Mao: China’s Feminist

It's nice to believe that China was a happy place for all before the Cultural Revolution. Foot binding was an excruciatingly painful practice expected of every young girl, but Mao banned the practice of foot binding, liberating women

It’s nice to believe that China was a happy place for all before the Cultural Revolution. Foot binding was an excruciatingly painful practice expected of every young girl, but Mao banned the practice of foot binding, liberating women

Before the Cultural Revolution in China, did you know that women were forced to bind their feet? Foot binding was the act of painfully binding the feet of young girls to stop further growth. The ideal length of a woman’s foot was 3 inches (or 8 centimetres) and although the practice originally started off among the wealthy upper class it made its way down to the peasant classes. While most of China did practice some form of foot binding, It seems that only one group of Chinese, the Hakka, did not observe this practice.

To quote wikipedia

Foot binding completely changed the look of the foot, deforming it into a shape that was considered desirable and making a woman eligible for marriage

Foot binding completely changed the look of the foot, deforming it into a shape that was considered desirable and making a woman eligible for marriage

“By the 19th century, it was estimated that 40-50% of Chinese women had bound feet, and among upper class Han Chinese women, the figure was almost 100%. Bound feet became a mark of beauty and was also a prerequisite for finding a husband. It also became an avenue for poorer women to marry into money; for example, in Guangdong in the late 19th century, it was customary to bind the feet of the eldest daughter of a lower-class family who was intended to be brought up as a lady. Her younger sisters would grow up to be bond-servants or domestic slaves and, when old enough, either the concubines of rich men or the wives of laboring men, able to work in the fields alongside them. In contrast, the tiny, narrow feet of the “ladies” were considered beautiful and made a woman’s movements more feminine and dainty, and it was assumed these eldest daughters would never need to work. Women, their families, and their husbands took great pride in tiny feet, with the ideal length, called the “Golden Lotus”, being about 8 centimetres (3 in) long”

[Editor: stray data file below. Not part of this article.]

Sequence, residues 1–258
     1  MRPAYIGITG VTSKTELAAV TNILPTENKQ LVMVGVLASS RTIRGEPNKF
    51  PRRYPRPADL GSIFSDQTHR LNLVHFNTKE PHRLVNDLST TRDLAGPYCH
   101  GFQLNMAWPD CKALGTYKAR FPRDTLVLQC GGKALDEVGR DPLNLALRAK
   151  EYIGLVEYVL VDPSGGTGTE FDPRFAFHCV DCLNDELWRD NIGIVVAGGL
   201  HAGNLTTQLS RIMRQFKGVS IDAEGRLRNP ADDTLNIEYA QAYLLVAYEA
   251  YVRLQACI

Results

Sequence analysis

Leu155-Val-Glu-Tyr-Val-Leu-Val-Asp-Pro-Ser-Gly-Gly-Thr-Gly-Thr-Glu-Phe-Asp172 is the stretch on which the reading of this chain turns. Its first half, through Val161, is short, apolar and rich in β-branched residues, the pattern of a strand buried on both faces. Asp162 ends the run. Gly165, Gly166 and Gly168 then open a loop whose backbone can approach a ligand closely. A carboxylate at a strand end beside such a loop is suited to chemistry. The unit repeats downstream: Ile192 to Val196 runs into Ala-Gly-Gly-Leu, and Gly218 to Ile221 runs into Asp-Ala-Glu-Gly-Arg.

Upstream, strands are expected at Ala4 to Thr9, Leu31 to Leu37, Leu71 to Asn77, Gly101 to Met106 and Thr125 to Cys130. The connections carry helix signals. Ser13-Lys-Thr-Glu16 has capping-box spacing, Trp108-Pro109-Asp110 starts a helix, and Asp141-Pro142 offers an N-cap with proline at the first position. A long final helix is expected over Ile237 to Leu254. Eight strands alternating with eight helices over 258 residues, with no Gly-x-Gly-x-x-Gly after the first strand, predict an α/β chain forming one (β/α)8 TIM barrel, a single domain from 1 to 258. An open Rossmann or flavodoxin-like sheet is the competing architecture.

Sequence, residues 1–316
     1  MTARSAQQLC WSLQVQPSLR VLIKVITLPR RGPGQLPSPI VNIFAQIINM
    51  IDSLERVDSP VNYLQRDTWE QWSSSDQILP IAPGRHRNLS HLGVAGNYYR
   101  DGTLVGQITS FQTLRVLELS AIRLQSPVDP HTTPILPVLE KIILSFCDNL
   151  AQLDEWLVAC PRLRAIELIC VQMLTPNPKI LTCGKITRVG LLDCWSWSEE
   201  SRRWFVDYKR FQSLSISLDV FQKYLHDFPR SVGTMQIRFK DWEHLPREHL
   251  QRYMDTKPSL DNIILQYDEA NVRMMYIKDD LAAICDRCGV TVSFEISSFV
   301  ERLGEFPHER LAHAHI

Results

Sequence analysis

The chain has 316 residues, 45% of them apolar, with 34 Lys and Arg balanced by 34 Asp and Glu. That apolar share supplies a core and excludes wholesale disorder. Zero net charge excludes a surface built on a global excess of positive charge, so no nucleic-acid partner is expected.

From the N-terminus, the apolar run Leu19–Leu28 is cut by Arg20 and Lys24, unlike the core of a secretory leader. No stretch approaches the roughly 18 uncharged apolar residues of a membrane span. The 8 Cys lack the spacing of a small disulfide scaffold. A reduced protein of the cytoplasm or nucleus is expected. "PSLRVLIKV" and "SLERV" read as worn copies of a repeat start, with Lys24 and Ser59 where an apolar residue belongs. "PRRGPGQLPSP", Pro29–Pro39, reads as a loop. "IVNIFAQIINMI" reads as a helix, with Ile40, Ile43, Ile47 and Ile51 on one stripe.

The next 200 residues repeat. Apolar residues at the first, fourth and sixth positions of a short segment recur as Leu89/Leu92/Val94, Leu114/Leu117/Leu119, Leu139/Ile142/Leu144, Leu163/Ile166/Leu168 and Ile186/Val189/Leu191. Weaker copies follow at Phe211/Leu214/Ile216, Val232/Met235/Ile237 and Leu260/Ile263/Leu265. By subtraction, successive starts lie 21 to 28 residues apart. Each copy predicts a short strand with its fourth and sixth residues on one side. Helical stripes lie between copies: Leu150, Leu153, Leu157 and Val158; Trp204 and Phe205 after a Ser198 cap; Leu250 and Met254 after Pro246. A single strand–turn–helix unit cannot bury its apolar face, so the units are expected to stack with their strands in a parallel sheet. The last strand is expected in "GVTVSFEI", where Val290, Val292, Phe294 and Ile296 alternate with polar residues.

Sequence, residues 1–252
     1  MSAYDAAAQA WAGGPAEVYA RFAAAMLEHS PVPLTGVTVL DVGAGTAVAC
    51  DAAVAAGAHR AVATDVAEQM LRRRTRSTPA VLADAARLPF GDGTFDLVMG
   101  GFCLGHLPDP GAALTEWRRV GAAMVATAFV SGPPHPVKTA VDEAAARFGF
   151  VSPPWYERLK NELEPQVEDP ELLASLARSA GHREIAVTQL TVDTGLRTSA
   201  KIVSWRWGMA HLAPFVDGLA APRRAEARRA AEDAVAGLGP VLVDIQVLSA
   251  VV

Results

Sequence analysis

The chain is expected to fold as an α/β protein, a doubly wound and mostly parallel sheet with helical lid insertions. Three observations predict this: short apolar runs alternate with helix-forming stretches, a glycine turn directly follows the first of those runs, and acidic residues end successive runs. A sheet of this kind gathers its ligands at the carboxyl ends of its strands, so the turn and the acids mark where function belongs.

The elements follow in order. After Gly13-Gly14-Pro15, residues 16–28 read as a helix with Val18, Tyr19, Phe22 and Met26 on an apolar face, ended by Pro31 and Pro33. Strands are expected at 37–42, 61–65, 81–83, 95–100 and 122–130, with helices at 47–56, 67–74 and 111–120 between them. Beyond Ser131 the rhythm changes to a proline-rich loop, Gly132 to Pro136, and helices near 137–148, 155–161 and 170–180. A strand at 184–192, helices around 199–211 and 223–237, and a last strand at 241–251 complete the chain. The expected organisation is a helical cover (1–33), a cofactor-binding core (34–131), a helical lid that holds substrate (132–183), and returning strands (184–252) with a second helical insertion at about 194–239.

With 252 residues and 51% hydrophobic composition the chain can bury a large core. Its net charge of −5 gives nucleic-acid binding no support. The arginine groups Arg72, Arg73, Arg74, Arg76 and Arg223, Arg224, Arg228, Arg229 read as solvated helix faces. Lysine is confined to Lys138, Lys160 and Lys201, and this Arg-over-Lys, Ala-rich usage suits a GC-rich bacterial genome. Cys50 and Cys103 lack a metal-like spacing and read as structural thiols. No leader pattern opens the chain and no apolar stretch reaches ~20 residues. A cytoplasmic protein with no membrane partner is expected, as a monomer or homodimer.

This practice, as you can imagine, was very painful for young girls. The way the foot was bound varies. The following, performed in Sichuan known as “cucumber foot” saw the four toes being folded under the flat of the foot, but this form did not force up the heel and taper the ankle the way other forms did. This version was slightly less severe….slightly

A shoe made for a special foot. Imagine shoving your foot into that thing

A shoe made for a special foot. Imagine shoving your foot into that thing

Also, we must note that not all women stayed bound. Some remained bound all through their lives, while some were only briefly bound. Others were bound only until their marriage.

Foot binding was banned from 1949 when Mao Tse Tung took power in China. This was one act among many that he did to liberate women from the old ways in China.

Mao also gave women equal rights in marriage, and allowed women to own their own land. This saw tens of millions of women leaving their houses for the first time to go out and work for themselves. From their own mouths, some of the women were quoted as saying that not only had their feet been bound, up until Mao’s rule over China, their minds were bound too. As a result of Mao building more schools, girls and women gained more education. Community nurseries and kindergartens were even set up so that when the mothers were out working, the children could be looked after. Finally here it was: Women had their newfound freedom under Mao’s leadership.

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